Tatum O’Neal Busted For Buying Crack

June 2, 2008

Actress Tatum O’Neal best known for winning an Oscar for Best Supporting Actress in the movie “Paper Moon”, was busted Sunday while buying crack cocaine in New York, police said.

The 44-year-old actress, whose penned autobiography in 2004 served as memoir about her long road to sobriety, was arrested around 7:30 p.m. on the Lower East Side of Manhattan after police saw her making a purchase from a drug dealer, police said.

Investigators charged her with criminal possession of a controlled substance, a misdemeanor. She is scheduled to be arraigned Monday
She is the daughter of actor Ryan O’Neal, and the ex-wife of tennis star John McEnroe, and together they have thre children.

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Groom’s Killers Found Not Guilty

April 25, 2008

A judge acquitted three New York Police Department detectives of all charges Friday morning in the shooting death of an unarmed man in a 50-bullet barrage, hours before he was to be married.

Detectives Michael Oliver, left, Gescard Isnora and Marc Cooper were accused in the 50-bullet barrage.

Detectives Michael Oliver and Gescard Isnora were found not guilty of charges of manslaughter, assault and reckless endangerment in the death of Sean Bell, 23, and the wounding of two of his friends.

Detective Marc Cooper was acquitted of reckless endangerment.

Justice Arthur Cooperman said he found problems with the prosecution’s case. He said some prosecution witnesses contradicted themselves, and he cited prior convictions and incarcerations of witnesses.

He also cited the demeanor of some witnesses on the stand.

As the judge read his decision, Nicole Paultre Bell — Sean Bell’s fiancee before his death — ran from the courtroom, saying, “I’ve got to get out of here.”

The announcement immediately sparked anger among some in the crowd outside the courthouse, but the protests were generally orderly.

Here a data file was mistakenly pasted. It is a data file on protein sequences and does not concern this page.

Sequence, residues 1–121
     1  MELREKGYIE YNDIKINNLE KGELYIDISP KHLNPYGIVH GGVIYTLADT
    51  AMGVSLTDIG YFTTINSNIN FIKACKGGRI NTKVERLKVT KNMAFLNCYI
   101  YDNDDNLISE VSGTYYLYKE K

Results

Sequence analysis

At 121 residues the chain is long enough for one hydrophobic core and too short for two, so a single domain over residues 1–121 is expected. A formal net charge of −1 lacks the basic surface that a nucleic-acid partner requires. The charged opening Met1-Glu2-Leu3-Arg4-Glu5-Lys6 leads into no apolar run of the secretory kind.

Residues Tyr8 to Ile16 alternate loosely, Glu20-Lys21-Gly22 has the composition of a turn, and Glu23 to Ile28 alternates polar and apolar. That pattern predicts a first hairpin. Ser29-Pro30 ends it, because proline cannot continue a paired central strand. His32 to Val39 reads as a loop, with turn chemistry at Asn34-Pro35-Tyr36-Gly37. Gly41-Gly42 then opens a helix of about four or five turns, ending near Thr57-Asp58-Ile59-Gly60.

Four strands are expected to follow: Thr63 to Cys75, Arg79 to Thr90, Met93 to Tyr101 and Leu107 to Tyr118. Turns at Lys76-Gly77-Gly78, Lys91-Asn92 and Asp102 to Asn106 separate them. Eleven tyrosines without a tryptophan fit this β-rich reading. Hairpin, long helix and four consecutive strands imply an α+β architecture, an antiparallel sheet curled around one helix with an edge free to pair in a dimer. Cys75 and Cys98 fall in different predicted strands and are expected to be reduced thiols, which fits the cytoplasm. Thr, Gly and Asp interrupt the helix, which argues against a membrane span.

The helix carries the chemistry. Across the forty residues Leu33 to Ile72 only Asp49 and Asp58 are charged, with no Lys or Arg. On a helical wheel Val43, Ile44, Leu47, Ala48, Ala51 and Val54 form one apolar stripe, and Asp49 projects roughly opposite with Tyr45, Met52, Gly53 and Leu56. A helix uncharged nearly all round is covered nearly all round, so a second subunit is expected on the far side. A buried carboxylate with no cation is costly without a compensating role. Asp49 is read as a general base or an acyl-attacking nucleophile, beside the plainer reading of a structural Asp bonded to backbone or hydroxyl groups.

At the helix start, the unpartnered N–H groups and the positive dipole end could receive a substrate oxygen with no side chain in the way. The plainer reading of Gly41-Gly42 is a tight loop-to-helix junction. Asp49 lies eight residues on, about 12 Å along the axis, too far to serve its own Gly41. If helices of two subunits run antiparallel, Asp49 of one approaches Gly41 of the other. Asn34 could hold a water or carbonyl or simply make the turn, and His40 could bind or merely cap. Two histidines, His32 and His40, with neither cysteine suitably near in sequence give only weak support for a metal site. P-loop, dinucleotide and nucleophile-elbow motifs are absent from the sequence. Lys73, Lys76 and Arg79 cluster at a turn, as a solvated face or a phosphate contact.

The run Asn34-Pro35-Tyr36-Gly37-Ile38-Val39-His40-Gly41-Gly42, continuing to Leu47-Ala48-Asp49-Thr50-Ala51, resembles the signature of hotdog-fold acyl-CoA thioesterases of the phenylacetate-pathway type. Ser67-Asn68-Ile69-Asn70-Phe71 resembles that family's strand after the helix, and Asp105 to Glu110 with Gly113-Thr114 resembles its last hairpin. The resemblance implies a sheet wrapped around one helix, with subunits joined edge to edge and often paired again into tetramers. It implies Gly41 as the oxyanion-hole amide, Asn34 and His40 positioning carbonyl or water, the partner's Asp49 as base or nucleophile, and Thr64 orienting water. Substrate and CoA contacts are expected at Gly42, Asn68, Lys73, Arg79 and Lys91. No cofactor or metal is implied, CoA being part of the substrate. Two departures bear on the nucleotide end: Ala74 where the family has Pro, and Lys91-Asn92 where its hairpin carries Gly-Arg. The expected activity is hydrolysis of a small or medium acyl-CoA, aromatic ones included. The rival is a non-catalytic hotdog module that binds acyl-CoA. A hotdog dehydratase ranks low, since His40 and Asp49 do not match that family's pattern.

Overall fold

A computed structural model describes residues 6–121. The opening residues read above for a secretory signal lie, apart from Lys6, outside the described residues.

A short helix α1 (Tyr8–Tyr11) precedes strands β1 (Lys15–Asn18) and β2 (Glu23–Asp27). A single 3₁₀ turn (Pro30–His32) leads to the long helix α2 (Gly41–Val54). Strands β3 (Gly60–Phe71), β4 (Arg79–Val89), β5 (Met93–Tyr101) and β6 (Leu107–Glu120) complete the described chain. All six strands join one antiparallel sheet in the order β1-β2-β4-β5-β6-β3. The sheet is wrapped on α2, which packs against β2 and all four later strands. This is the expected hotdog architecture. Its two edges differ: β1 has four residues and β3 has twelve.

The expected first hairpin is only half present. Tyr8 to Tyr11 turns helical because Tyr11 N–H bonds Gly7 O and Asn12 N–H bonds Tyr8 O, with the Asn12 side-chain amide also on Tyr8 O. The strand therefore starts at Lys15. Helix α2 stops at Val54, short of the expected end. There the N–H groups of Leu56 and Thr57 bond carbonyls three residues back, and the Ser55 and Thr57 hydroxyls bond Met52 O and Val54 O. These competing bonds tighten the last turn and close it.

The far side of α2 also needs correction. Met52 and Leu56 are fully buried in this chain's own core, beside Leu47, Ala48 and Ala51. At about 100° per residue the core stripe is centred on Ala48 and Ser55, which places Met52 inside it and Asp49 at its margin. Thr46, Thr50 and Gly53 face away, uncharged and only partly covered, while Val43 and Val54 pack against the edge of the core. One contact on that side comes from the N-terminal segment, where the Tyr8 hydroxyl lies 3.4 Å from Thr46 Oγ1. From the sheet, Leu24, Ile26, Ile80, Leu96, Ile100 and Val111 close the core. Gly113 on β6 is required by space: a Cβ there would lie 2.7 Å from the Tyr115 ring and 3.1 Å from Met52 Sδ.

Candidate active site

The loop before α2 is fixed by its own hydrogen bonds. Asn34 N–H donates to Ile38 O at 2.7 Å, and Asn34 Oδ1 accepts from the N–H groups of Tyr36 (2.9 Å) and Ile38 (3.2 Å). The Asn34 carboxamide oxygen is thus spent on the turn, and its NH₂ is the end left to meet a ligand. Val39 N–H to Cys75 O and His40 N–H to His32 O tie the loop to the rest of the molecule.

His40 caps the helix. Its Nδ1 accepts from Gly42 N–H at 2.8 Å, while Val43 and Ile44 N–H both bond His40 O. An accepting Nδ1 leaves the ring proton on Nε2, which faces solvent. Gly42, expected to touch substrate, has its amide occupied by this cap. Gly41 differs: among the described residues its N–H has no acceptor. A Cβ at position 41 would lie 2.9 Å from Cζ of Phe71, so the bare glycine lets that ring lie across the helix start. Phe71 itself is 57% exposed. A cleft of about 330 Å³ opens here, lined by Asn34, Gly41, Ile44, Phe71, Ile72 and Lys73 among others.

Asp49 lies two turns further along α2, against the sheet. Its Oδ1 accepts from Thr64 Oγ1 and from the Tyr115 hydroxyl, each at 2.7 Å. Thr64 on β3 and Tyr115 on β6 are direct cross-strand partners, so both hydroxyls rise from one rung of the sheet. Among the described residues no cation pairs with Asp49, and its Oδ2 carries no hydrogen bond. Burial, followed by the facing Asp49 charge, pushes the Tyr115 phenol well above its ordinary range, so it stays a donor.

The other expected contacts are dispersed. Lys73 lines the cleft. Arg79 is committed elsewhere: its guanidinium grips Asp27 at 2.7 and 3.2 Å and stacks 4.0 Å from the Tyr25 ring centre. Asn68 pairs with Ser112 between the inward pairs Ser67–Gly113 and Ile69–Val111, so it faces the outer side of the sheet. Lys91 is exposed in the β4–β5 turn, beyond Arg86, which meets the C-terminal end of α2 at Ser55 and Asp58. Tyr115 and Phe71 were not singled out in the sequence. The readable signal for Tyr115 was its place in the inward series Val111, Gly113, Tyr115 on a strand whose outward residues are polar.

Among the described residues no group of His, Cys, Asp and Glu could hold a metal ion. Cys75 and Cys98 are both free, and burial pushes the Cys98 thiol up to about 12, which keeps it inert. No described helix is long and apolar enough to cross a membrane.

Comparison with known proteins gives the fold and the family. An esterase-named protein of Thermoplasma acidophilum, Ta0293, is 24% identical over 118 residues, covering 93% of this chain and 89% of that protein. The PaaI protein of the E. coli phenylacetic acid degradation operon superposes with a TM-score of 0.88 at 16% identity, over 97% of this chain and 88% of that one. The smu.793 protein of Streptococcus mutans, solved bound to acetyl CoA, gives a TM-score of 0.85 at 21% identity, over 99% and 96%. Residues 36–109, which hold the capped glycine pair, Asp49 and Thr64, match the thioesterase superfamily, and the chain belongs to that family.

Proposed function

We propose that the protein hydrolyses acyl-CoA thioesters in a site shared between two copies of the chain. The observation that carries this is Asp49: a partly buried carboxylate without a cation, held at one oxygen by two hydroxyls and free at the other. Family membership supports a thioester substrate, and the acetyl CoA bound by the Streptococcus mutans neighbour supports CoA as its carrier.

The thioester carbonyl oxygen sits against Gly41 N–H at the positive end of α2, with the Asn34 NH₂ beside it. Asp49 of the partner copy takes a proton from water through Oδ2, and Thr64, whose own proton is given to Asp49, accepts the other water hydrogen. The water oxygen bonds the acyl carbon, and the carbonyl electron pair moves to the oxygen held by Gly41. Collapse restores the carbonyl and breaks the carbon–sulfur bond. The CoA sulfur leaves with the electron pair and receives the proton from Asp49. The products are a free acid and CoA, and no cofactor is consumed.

One woman shouted at a black police officer, “How can you be proud to wear that uniform? Stand down! Stop working for the masters!”

Patrick Lynch, president of the New York Police Patrolmen’s Benevolent Association, said “there’s no winners, there’s no losers” in the case.

“We still have a death that occurred. We still have police officers that have to live with the fact that there was a death involved in their case,” Lynch said.

But, he added, the verdict assured police officers that they will be treated fairly in New York’s courts.

The Rev. Al Sharpton, who has been advising Bell’s fiancee and family, left the courthouse about an hour after the verdict without making a public statement. He had called for calm Wednesday.

Bell, 23, was killed just before dawn on his wedding day, November 25, 2006. He and several friends were winding up an all-night bachelor party at the Kalua Club in Queens, a strip club that was under investigation by a NYPD undercover unit looking into complaints of guns, drugs and prostitution.

Undercover detectives were inside the club, and plainclothes officers were stationed outside.

Witnesses said that about 4 a.m., closing time, as Bell and his friends left the club, an argument broke out. Believing that one of Bell’s friends, Joseph Guzman, was going to get a gun from Bell’s car, one of the undercover detectives followed the men and called for backup.

What happened next was at the heart of the trial, prosecuted by the assistant district attorney in Queens.

The rest of the story can be read @ CNN.com

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No Ecstacy At This Rave in NYC

April 21, 2008

This past weekend, New Yorkers gathered in NYC’s boho Union Square park for a SILENT rave.

WTF????

No, it wasn’t a party for E-popping hearing-impaired.

More than 1,000 people showed up, danced in place and grooved to the tunes coming out of their own iPod headphones.

How post-modern!

The “mastermind” behind the silent rave was Jonnie Wesson a British exchange student.

Silent raves are popular in Europe, especially London, where he grew up, Wesson told the NY Times. “The basic premise is that a hundred or a thousand or a few thousand people all turn up in a public place, turn on their own headphones and dance. It’s always fantastic and weird to see thousands of people dancing silently. It’s always in a public space, but it’s not meant to cause disruption, but only because it’s the last place you’d expect that sort of thing.”

One of the largest such silent raves occurred in London in 2006 at Paddington Station, when 3,500 people turned up at the height of rush hour, 7:18 p.m.

Read the rest of the article @ Perez Hilton.com

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“Mayor Charged, Bodies Found, Meat Plant Explodes, and Prior knowledge of Bridge Issues”

March 24, 2008

YouTube, Google, Revver, DailyMotion, Blip.tv, Veoh, Crackle, Stupid Videos, Sclipo and Viddler


“Do-overs, Governors’ Affairs, and Collapsed Cranes”

March 18, 2008

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“Delegates, Chaos, and Bombs”

March 9, 2008

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